Nature Paints

It’s quite fascinating, even when there doesn’t seem to be hardly any color left on a trist and foggy winter morning, nature still preserves little specks of color that catch our attention. Add a little bokeh and if you are lucky sometimes nature photography can look like a painting.

Leica SL | Leica Summilux-M 50mm f/1.4 ASPH. | 1/640s | f/1.4 | ISO 100

Quick Video on Adobe’s All New Lightroom 6

When Adobe released its new version of Lightroom – Lightroom 6 and Lightroom CC – I was a bit underwhelmed by the new feature set that came with it. The only interesting bits that I could make out were the new filter brush and an enhanced performance when you use a discrete graphics card and have a 4k hi-res monitor.

Of course I couldn’t hold back long in trying the new version myself and really find out for myself whether the upgrade is worth it or not. Luckily Adobe provides a trial version which I swiftly downloaded. After a bit of playing around I decided to let you know the results of my very initial test including a quick demo of the filter brush tool. And here you go:

New Lightroom 5 Tutorial: Useful Keyboard Shortcuts

One way of speeding up your workflow in Lightroom and making it more efficient is to use keyboard shortcuts instead of moving around with your mouse.

In this tutorial I go through the most commonly used shortcuts and explain how and in which context they work best.

Enjoy watching and please let me know if it’s helpful and more importantly where I have made mistakes and what I can further improve.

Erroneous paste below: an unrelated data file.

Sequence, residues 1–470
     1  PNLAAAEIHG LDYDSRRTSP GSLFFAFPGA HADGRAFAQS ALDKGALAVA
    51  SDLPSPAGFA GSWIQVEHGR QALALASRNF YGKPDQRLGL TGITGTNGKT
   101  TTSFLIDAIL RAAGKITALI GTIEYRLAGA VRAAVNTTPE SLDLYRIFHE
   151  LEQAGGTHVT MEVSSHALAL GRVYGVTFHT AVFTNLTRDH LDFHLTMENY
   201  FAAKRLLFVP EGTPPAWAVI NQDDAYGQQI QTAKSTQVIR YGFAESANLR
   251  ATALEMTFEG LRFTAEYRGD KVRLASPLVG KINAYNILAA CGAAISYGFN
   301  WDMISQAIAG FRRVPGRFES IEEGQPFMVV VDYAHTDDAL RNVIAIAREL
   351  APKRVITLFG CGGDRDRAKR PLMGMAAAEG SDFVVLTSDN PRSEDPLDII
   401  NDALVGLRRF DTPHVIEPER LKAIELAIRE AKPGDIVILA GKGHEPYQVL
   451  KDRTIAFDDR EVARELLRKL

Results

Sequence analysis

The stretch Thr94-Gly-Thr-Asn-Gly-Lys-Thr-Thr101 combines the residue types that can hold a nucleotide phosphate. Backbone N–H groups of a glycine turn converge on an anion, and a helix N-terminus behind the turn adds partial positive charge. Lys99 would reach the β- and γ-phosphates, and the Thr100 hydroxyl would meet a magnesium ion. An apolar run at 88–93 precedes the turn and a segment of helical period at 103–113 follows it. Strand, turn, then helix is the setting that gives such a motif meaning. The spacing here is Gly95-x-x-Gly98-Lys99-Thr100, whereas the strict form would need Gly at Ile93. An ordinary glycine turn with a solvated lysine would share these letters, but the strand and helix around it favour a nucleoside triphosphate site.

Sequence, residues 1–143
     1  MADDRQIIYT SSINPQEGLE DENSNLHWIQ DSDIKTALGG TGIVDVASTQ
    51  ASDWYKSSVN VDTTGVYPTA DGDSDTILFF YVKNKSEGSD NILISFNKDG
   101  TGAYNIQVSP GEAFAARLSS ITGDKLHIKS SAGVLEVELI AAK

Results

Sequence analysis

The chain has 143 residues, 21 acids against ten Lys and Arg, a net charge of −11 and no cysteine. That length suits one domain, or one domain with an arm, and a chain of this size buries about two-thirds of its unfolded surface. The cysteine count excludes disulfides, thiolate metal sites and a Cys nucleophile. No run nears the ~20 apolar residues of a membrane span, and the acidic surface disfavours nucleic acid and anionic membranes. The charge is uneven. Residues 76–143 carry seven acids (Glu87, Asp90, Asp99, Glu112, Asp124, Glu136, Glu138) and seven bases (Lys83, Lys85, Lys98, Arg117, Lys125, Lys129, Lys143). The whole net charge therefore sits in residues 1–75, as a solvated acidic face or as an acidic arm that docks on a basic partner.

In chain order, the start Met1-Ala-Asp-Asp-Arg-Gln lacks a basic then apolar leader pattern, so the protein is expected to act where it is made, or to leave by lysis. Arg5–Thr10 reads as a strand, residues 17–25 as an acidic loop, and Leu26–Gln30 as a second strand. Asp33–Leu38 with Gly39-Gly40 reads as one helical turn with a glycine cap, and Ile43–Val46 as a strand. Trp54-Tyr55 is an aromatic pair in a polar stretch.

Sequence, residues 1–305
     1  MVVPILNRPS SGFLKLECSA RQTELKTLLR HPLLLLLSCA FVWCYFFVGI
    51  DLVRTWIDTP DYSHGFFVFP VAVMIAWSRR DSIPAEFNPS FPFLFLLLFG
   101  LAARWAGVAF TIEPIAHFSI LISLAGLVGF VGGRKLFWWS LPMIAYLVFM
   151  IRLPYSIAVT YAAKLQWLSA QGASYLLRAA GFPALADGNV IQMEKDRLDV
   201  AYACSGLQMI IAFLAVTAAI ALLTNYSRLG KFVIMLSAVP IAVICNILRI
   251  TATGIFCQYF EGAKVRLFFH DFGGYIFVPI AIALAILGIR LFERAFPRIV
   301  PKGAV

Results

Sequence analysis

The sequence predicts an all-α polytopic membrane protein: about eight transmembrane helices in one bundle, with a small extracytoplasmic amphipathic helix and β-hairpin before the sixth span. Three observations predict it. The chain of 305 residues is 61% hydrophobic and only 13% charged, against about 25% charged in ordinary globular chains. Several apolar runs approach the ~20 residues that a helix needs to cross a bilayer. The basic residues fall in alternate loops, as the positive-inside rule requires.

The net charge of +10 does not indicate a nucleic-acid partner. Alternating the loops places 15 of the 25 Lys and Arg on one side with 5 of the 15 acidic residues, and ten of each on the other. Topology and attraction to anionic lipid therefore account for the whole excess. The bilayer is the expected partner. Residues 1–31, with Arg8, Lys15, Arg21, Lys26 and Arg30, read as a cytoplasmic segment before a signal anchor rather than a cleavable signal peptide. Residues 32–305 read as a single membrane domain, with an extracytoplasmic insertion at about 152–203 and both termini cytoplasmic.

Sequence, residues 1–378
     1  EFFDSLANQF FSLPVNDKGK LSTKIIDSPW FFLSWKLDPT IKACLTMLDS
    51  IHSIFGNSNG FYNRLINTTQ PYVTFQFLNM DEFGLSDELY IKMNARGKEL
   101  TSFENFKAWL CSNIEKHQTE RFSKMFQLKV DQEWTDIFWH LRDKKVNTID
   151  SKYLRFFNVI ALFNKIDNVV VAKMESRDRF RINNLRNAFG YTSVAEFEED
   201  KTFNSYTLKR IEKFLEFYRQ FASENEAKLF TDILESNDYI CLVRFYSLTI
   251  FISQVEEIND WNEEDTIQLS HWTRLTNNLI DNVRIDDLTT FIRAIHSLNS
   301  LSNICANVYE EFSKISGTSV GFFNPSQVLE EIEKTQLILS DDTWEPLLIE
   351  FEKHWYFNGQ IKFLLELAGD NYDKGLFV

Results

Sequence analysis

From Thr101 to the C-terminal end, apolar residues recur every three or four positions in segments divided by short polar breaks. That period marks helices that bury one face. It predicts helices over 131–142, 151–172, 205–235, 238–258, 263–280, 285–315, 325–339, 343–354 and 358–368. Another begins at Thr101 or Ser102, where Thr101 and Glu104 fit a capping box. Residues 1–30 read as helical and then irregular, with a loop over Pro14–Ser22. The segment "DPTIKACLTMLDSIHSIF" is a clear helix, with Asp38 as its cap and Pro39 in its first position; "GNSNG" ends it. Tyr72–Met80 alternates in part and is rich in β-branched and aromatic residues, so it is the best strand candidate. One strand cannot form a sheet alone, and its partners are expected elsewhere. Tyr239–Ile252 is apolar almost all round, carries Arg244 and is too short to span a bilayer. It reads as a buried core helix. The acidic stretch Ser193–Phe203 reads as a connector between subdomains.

New Lightroom 5 Tutorial: How to use radial filters and the adjustment brush to highlight focus areas

When you take a photograph light is not always falling in the right direction to highlight your subject in the most accentuated way. Back in the days of analogue film photography you had basically two tools to change the light-fall in your picture during print: dodge and burn. In the digital Lightroom (5) you have various methods of changing light-fall, two of them are the radial-filter and the adjustment brush.

In this video tutorial I demonstrate how you can use those two tools to draw attention to specific areas of interest or focus in your image.

Enjoy watching and please let me know if it’s helpful and more importantly where I have made mistakes and what I can further improve.

“Moving Pictures”

One might ask why a photographer bothers with Youtube. I thought so too until I realized that many people do prefer “moving” pictures over the static display of photographs in a more traditional way. Others say making a “video” of images is just distracting and can even distort the meaning of a picture or loose the viewer’s attention by leading the viewer’s eye out of the picture or to an area with no content.

I believe that both aspects are reasonable and both have merits. While a “classic” photographer and one who is used and trained to viewing static images might not really appreciate the idea of making a video out of pictures, people who usually watch videos might in fact well do. And the issue of “disctraction” can be managed by editing the video in a way that the “panning” is leading the eye towards the area of focus and not away from it.

But enough said, please see for yourself and let me know your thoughts:

For those who prefer the “classic” way here is the more static version of my photographs :):